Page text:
However, this anointing of oil was not limited to the priesthood. A generous host would provide oil for anointing as guests entered their homes. Oil from the olive was an important commodity in the dry environment of the ancient Near East. Olive oil was mixed with sweet-smelling spices and used for hair and skin care. The oil was poured over the head, and, for men, ran down into the beard. A basic act of hospitality when visitors entered the homes of others was to wash the visitors’ feet and pour soothing and refreshing oil upon their heads. This blessing is like coming together in worship with fellow kindred - It is a deep and rich blessing - one of hospitality. Hospitality is part of that kindred fellowship together, when we greet one another in worship with Christ’s peace, share communion together, and then enjoy goodies after worship at a common table. I am sure we will cherish these gifts of hospitality more once we can gather together again freely.

 

This fellowship of kindred spirits together is also like another blessing, the dew of Mt. Hermon. (verse 3). Mt. Hermon, located some 125 miles north of Jerusalem, was known for its abundant dew - those water droplets condensed from the air, usually at night. And in Palestine, which saw little rainfall between the months of April and October, dew was an important commodity. Without the nightly accumulation of dew, the land would be parched and dry for many months out of the year. Mt. Hermon is 6,690 feet tall at its peak. For comparison, it is just a bit shorter than our Mt. Ashland at 7,500 feet. Like Mt Ashland, Mt Hermon rises above its valley and gets its share of morning dew, which ends up landing on flowers and shrubs during the early part of the summer, especially in Grouse Gap valley. That dew, along with melting snow is such a blessing! There is such an abundant variety of flowers thanks in part to this gift of dew at night.

 

This dew symbolizes the refreshment that can come to our parched spirit when we come together in unity. A word from another, a handshake or hug, the words to a hymn, the message in the sermon, a profound moment in silence or prayer - all of those things are opportunities for our souls to find refreshment. Dew also provides growth, and we grow in faith as we worship together and go through scripture together.

 

Through the blessings of fellowship, God brings us together, uniting us and making us one in faith. For there, God ordains the blessing - LIFE forevermore. What is a blessing? Professor NancydeClaisse-Walford, who teaches at the McAffe school of Theology in Atlanta, writes, “Blessing - is - Barak in Hebrew. The word reverberates throughout the pages of the Hebrew Bible -- God says to Abram “In you, all the families of the earth shall be blessed” (Genesis 12:3); after Jacob’s long night of wrestling, we read, “And there he blessed him” (Genesis 32:29); and Moses says to the Israelites in Deuteronomy, “Surely the Lord your God has blessed you in all your undertakings” (Deuteronomy 2:7).” Being blessed by God means knowing that God is for us, loves us, and desires good things for us in this life. We experience that kind of blessing in part through in the fellowship of kindred sisters and brothers together.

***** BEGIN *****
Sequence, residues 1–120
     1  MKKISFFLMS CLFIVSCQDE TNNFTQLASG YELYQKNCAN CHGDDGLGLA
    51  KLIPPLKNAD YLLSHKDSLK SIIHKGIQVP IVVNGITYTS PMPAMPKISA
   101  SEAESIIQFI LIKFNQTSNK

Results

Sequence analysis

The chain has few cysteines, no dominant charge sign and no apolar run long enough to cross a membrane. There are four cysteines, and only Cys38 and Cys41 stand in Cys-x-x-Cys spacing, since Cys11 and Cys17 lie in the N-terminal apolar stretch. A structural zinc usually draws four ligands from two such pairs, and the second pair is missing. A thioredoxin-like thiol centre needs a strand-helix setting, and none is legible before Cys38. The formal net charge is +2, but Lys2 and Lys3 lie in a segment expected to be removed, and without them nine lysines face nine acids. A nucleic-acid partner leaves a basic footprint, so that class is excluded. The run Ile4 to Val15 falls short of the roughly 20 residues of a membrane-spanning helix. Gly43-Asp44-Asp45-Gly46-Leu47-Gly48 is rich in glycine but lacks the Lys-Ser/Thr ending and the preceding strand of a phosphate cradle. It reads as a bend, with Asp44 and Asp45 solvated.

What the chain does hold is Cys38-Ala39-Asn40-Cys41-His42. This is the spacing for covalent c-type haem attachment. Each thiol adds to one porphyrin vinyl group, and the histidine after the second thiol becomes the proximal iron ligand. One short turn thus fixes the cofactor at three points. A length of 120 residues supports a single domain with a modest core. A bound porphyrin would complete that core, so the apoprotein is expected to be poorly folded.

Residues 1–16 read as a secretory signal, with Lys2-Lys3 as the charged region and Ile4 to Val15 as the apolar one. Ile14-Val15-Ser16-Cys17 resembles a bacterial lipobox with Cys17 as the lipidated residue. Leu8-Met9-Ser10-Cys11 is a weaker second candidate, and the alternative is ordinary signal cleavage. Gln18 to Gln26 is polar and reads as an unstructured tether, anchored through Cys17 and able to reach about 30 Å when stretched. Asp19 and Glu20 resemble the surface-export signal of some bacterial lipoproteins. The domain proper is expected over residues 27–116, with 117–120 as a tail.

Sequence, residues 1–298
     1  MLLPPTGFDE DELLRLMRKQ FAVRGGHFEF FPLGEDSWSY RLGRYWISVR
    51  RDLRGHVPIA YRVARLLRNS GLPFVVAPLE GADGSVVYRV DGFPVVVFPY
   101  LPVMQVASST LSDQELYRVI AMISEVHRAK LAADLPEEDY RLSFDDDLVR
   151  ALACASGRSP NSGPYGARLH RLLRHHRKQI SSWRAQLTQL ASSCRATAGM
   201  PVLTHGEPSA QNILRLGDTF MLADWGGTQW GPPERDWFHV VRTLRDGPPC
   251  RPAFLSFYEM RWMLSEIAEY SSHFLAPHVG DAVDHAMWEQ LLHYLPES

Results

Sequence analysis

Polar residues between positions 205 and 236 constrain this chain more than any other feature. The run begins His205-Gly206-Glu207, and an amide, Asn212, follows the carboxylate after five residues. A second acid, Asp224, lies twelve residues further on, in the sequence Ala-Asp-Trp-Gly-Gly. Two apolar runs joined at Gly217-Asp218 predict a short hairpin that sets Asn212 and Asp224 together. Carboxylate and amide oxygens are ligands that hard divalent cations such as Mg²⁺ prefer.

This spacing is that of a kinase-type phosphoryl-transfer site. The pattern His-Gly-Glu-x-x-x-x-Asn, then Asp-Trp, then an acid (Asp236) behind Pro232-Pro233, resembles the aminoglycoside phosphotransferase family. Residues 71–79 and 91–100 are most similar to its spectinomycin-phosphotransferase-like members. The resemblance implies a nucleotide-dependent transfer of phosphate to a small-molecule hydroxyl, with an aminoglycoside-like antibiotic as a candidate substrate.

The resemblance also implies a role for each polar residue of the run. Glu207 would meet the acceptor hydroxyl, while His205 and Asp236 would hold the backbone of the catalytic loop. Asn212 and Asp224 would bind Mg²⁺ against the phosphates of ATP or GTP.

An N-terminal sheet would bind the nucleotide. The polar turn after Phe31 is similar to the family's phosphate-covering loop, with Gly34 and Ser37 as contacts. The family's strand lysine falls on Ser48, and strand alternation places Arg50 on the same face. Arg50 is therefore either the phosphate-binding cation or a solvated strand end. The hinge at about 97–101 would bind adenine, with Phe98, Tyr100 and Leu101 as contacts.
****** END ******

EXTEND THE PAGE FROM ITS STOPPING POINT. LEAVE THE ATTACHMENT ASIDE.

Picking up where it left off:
That blessings from God also gives us life - new life in Christ, life beyond the daily struggles in this world of pandemic, politics, and pain. We can glimpse hope through God’s blessings and find strength in community - Those things give us life!

 

Yet it is difficult right now to fully be community as we wear our masks, keep socially distant, and refrain from gathering in large groups. Right now, it is so important for us all to reach out to one another through the phone, email, an outside visit in person, or a note in the mail. For some in our community may be struggling as we experience this pandemic, as we see the anger in the streets over America’s original sin of racism. We so need fellowship as kindred, united in the Spirit, for this world can weigh us down.

 

If you all remember, when my family and I arrived in January of 2017 to preach at a neutral pulpit in Grants Pass, it was a rather unique winter, to say the least! The snow was everywhere, and it stuck to the ground. I wondered a bit what we were getting into when it came to the weather but was assured by folks on our pastor nominating committee that snow rarely looked like this in Ashland. As we drove from Ashland to Grants Pass, I noticed something about the trees along the highway. In the large groves of tall pine trees, due to the excessive snow that year,  branches of the trees were bowed down with heavy snow - so low that branches from one tree were often leaning against the trunk or branches of another. Where trees stood alone, however, the effect of the heavy snow was different. The branches had become heavier, but without other trees to lean against, some of the branches had snapped. They lay on the ground, dark and alone in the cold snow. We people of faith so need to be together in kindred community, rather than alone and apart, especially in times such as these, when life itself is so heavy. How good it is indeed when we can find the support and strength to make it through those heavy snow-laden storms, by being together in kindred community! So, in such times when it is difficult for us to come together in person, reach out and offer that support of community. Someone in our church may be carrying a heavy load, and your care for them will make a difference.

 

And so fellow kindred, we give thanks for the blessing of community, and for the gift of life, God gives us. Alleluia! Amen.